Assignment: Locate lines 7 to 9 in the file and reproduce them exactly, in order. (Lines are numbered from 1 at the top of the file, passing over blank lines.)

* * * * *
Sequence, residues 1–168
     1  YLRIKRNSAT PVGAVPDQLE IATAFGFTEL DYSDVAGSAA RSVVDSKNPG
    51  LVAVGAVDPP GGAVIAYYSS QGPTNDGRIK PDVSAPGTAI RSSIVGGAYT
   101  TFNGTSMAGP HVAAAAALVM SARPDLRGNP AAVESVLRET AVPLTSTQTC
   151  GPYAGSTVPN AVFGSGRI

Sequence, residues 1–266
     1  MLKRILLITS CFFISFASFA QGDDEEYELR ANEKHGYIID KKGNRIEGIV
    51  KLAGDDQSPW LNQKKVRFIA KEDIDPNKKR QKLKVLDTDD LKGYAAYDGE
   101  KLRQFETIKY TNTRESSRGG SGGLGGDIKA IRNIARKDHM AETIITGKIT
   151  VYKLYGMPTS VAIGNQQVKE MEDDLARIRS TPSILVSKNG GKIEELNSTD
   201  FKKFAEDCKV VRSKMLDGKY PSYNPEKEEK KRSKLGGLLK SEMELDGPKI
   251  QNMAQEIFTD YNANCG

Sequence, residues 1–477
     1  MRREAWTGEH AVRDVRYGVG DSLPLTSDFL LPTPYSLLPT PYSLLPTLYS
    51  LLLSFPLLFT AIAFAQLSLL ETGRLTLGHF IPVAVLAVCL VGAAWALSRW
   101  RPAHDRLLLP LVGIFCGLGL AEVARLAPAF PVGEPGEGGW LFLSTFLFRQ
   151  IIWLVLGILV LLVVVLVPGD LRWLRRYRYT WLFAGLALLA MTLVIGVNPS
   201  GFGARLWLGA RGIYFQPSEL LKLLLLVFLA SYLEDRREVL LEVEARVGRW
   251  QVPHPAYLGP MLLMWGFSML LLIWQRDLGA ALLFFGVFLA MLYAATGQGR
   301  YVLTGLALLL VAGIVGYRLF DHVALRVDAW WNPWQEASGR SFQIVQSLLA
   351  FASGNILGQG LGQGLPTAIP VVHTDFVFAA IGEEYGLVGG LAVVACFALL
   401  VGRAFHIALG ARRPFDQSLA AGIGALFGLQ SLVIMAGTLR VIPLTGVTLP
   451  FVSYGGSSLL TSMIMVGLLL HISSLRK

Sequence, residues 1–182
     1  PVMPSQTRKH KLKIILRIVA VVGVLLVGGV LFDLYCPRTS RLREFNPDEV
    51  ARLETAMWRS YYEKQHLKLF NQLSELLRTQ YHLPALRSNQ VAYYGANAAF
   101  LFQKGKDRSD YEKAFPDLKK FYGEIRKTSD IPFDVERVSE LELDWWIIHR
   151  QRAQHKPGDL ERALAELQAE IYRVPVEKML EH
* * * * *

     1  MLKRILLITS CFFISFASFA QGDDEEYELR ANEKHGYIID KKGNRIEGIV
    51  KLAGDDQSPW LNQKKVRFIA KEDIDPNKKR QKLKVLDTDD LKGYAAYDGE
   101  KLRQFETIKY TNTRESSRGG SGGLGGDIKA IRNIARKDHM AETIITGKIT